How to use brain priming to improve your productivity and quality of life

spring cleaningThis simple 3 step formula will allow you to design life strategies based on your own unique neural network of associations and experiences. Brain priming, where “exposure to a stimulus influences a response to a later stimulus”, is essentially the firing of neurons that are linked in your brain. This happens automatically and below the level of conscious thought. For example, student subjects primed with words related to the elderly left the experiment walking slower than the control group.

But we can make brain priming an active, rather than just a passive, process. Self-priming before an activity and extending that stimulus throughout its duration can help us tackle difficult tasks with more energy and improved perspective by taking advantage of the brain’s existing network of linkages. And what task could be more difficult, more intimidating, more soul destroying, more ‘oh-gawd-why-me’ agonizing than… cleaning the house.

Brain Network MapStep 1: Identify the activity and hypothesis your initial linkages (concepts, associations, emotions). Try to be as honest and intuitive as you can. You can use the diagram above as a model. It shows a simplified network of what, in reality, is quite a messy bit of between-the-ears business. But I’m a sucker for symmetry, both in my men and in my visual aids.

Step 2: Identify the positive (encouraging links are in blue) and negative (paralyzing links are in red) connections/associations. The positive links are your Gateway Connections.

Step 3: Identify sensory and memory recall experiences that will stimulate these same positive attitude/energy bundles of neurons. Here’s where it gets fun! Get psyched to try a tough new recipe by Youtubing with some Anthony Bourdain… Wear a tie and watch ‘Report on Business’ TV before an economics exam… Give your partner a massage before asking them to do the dishes (maybe I should have tried that one)… Go ahead and get creative! Engage your network strategy and keep those areas lit for as long, and as intensely, as possible. In this example, cute underwear (just don’t ask about the ‘in control’) and Janis Joplin’s rockin’ blues link to my three positives about cleaning. Cleaning the bathroom Note: ‘setting the stage’ has an extra semantic bonus with Joplin. Joplin and panties also have their own web of interconnecting linkages (shown in green) to directly counteract the original red negatives, thereby overriding them.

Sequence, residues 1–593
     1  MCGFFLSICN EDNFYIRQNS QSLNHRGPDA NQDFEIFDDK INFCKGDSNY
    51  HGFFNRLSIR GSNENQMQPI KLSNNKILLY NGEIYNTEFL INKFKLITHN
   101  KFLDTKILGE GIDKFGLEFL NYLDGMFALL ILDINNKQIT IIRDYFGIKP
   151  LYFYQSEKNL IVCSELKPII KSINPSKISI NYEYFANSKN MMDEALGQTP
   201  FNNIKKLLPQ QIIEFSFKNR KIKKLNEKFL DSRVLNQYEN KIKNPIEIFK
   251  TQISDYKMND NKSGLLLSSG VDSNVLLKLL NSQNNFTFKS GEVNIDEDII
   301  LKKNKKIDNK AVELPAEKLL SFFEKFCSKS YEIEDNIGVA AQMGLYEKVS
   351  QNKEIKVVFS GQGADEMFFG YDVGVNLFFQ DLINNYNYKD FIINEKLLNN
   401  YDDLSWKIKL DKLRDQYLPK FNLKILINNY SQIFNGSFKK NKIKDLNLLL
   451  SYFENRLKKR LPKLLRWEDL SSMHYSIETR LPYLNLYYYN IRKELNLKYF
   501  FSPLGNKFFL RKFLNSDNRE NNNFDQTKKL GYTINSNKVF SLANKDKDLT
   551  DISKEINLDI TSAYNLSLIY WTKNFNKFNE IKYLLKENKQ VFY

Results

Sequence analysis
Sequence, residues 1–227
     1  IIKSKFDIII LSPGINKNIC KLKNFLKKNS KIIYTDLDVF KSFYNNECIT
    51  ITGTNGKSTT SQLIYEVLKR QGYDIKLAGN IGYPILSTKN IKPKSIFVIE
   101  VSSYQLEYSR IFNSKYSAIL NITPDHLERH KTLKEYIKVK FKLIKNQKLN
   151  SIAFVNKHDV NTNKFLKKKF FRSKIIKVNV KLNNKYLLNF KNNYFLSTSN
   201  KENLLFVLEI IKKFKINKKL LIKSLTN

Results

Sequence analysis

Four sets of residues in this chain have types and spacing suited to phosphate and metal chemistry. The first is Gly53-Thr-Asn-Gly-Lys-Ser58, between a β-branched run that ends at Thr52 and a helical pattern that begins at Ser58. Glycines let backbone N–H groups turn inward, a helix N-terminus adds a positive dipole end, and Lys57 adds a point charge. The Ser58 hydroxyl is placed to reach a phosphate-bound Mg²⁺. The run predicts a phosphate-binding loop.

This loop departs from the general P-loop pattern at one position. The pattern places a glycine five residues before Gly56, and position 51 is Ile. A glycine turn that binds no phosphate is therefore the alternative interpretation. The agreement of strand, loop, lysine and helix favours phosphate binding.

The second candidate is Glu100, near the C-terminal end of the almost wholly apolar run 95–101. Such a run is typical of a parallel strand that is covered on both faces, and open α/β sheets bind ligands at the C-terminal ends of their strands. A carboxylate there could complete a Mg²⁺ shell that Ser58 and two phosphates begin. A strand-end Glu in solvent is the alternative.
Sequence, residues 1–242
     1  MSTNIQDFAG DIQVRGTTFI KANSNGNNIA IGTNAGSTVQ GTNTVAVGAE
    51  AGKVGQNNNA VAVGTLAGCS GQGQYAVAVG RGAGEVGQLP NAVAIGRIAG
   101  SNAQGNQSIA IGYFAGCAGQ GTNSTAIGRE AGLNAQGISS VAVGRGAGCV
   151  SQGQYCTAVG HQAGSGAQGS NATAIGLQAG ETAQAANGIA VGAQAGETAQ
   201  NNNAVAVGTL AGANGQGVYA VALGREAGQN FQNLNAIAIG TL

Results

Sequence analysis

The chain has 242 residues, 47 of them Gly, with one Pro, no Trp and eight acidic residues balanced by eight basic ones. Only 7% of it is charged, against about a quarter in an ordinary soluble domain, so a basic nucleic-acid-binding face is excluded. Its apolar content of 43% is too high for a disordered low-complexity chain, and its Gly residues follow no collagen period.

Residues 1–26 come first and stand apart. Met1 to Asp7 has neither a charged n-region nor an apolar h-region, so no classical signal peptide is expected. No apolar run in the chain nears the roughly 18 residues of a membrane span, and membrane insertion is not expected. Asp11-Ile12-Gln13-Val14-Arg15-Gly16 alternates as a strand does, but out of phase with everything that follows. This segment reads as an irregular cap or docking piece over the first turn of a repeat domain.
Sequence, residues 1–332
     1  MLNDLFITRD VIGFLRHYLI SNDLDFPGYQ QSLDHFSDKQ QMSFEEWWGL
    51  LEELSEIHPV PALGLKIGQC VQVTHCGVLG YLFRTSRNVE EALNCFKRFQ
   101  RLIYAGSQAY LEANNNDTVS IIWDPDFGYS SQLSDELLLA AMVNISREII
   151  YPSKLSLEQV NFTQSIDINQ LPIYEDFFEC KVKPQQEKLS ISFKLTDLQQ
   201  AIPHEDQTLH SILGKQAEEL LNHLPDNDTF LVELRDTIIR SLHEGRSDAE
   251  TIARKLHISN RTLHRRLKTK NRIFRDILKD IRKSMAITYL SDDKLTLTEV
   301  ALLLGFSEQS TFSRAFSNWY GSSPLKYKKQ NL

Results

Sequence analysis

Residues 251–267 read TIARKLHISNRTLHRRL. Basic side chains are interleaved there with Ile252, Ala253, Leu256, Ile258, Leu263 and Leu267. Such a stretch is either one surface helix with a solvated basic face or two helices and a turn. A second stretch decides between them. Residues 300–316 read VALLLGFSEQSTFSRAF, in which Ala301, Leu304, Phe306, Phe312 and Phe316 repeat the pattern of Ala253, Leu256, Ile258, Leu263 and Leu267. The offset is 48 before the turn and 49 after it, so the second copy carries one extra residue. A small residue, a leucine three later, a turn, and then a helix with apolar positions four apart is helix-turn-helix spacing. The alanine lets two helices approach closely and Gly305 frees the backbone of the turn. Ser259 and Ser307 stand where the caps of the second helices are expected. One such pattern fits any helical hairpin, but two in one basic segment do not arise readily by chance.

And because any scientific strategy is best served with a completely gratuitous selfie, I offer you hard-core proof that this brain priming formula will make even the most intimidating task suddenly… dare I say… far more enticing.

6 thoughts on “How to use brain priming to improve your productivity and quality of life

  1. inspiring – i like the idea of re-imagining or remapping our usual responses to humdrum activities by adding positive connections and music to re-salivate the way to engage in the world attitude we bring to any task.

    • Thanks Lynn! I had so much fun dancing around in my underwear singing along into my microphone sponge… all in the name of science, of course.

      Reminds me of one beautiful moment (and there sure weren’t many) in grade 8. I got called out for gossipping during science class and answered back, no hesitation, with perfectly innocent, yet perfectly obnoxious, delivery… “But Miss ______, everything’s related to science.” Yep, for one brief instant in an Ottawa classroom, third desk from the front, I was officially ‘cool’.

    • I completely agree with you, Chris – which is why it’s so important to acknowledge the power of past experience and how easily we interpret the present through that same initial pattern of linkages, because it’s the brain path of least resistance. Just brainstorming here, but I figure that’s why some people are attracted to terrible partners over and over. Love gets connected to bad behaviour and thus bad behaviour triggers love the next time round.

  2. Pingback: Interweave your action sequences to boost creativity | Blank Canvas Living

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